She told the waiting cameras: ‘Not everybody knows this, but the full title of my party is the Conservative and Unionist Party, and that word “unionist” is very important to me. It means we believe in the Union: the precious, precious bond between England, Scotland, Wales and Northern Ireland.’

Her first prime ministerial visit was to Scotland, sending the message that this was her country just as much as it was the Nationalists’. And when Ms Sturgeon demanded her second referendum, it was Mrs May who said calmly and politely what a majority of Scottish voters have been saying to the First Minister for five years now: ‘No’.

With just one word, the separatist spell was broken, that myth worked up by the Nationalists and readily echoed by their fellow-travellers in the Press and Civic Scotland that refusing the SNP was tantamount to refusing Scotland.

As we approach the 20th anniversary of the Scottish Parliament, Scotland and the rest of the UK need to hear a lot less about devolution and a lot more about the Union. The next Prime Minister must be someone who can strengthen the bonds between the four nations and govern in the interests of all people and not just whatever sectional interest happens to be in the ascendancy at any given time.

The Union, however, must renew to remain relevant. It cannot continue as the English national interest with some subsidies thrown in to placate the Scots. The UK Government, Parliament and Whitehall have still not fully adapted to a constitutional overhaul two decades past.

Those who make decisions too often don’t fully understand the range of people and places they decide for. These arrangements must change if the institutions that underpin them are to survive.

In practical terms, that means no more referendums that could cleave the four nations further apart; no more designing policy for the south-east of England then rushing to dish out exemptions and ameliorations when tensions emerge with devolved realities; no more pandering to flag-wavers on either side of the Border.

For Unionists, the Eleventh Commandment is: Thou shalt not hand the SNP a free grievance. But the Union has to be more than a brake on independence; it must represent a happy, prosperous, opportunity-rich country that the vast majority of Scots want to be a part of. Forging such a country will be a defining task for the next Prime Minister, whoever manages to clinch the job.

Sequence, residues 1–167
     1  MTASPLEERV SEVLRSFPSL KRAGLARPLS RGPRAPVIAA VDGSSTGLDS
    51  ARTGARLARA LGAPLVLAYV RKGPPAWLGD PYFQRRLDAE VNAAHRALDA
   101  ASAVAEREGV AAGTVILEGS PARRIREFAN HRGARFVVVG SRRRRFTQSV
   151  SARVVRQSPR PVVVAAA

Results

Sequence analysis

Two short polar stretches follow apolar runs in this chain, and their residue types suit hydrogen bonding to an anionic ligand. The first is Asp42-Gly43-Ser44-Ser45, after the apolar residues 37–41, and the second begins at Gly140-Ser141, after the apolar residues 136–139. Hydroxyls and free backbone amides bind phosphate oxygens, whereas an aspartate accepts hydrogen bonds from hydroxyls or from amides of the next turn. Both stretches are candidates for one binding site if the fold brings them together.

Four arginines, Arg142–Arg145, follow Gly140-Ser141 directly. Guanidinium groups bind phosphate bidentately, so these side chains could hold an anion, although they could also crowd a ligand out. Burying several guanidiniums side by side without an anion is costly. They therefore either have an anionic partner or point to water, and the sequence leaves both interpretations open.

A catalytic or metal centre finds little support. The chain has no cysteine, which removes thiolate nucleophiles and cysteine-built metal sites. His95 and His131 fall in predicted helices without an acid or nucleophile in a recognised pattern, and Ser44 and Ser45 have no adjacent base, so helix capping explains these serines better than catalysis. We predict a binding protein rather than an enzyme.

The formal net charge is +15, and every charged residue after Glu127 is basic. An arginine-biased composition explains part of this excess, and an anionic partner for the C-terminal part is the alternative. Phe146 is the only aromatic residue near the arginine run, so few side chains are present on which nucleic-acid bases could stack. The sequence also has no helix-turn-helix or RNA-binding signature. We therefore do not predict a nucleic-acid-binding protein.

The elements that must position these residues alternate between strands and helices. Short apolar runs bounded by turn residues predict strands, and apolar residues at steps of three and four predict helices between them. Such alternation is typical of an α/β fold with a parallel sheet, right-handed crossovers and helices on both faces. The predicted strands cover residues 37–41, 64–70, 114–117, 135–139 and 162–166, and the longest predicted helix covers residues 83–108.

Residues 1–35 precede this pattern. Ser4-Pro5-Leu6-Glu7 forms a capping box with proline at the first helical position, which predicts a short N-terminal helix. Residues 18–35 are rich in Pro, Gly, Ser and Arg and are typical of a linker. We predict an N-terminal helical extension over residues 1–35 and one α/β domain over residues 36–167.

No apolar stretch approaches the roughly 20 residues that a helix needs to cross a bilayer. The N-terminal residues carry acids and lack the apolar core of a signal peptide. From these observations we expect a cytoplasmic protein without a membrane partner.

Definition is not only a matter for Downing Street. The call of the future rattles through the halls of Bute House. What is it to be for Nicola Sturgeon, knuckling down to everyday government or another tilt at the history books?

The coming months will see the First Minister at her most frenetic. If Brexit goes ahead in some form or another, it will be a signal defeat. Her position may have lacked constancy and her tactics are open to question but Ms Sturgeon has made herself the figurehead of the anti-Brexit campaign in Scotland.

The First Minister’s defenders — a diminishing pool — would counter that this only proves that the UK is an unequal partnership in which Scotland’s voice is ignored. But more acute thinkers among them recognise that Ms Sturgeon is facing yet another damaging reversal.

Her Indyref 2 scheme met an ignominious fate; she cost her party 21 MPs in the 2017 snap election; her record in government is thin and her political capital low; her judgement, and that of her closest advisors, is the subject of a parliamentary inquiry. She is a failing First Minister.

This makes it all the more important that she handle the fall-out from Brexit convincingly. For the loudest voices in her grassroots, that can only mean a re-run of the 2014 referendum on separation. In pandering to these voices as she has over the past few years, she has only emboldened the most hardline elements in her base. They have been patient with her — as they see it — but their patience is wearing thin.

Next month’s party conference in Edinburgh will be used as a barometer of activist opinion.

Giving her true believers what they want could lead them to a nasty brush with reality. The SNP has no mandate for a second referendum. It won neither a majority of the votes nor a majority of the seats in an election to a parliament which has no powers over constitutional referendums. Ms Sturgeon can call for one but she would be rebuffed by the UK Parliament, somewhat detained on other matters at present.

Then what? An illegal referendum? A unilateral declaration of independence? Or back to sulking about Westminster doing down Scotland? Her options are few and none appealing.

An SNP source said: ‘The FM is in a real bind now. The grassroots are clamouring for Indyref 2 but she can’t be certain that a second referendum wouldn’t produce more or less the same result as last time. This new polling from Progress Scotland is indicative of the problem: EU membership is now the main issue for undecideds but it’s still not converting into support for independence among enough people to be decisive.

‘If we crash out without a deal, that could be the decisive factor, but then it’s onto the Section 30 order bun fight. Honestly? What happens next? We don’t know. They don’t know. No f****r knows.’

We are in the realm of what former US defence secretary Donald Rumsfeld called ‘unknown unknowns’. We could be heading for hard Brexit, soft Brexit, no Brexit, a short delay, a long delay or a People’s Vote. There could even be a last-minute fudge that takes us by surprise.

Yet certainty is what voters, businesses and our trading partners want, both on Brexit and on the possibility of a second referendum on breaking up the UK. In the minds of the world, Britain has gone from redoubt of reliability to a nervous breakdown in a bowler hat.

In the country, there is roiling frustration at a government which can no longer govern, an opposition that doesn’t oppose and a political class more concerned with impeding the will of the voters than carrying it out. A bitter wind is battering Westminster right now but the gales of an angrier storm are gathering.


Originally published in the Scottish Daily Mail. Letters: Stephen at image © Foreign Office (cc/2.0).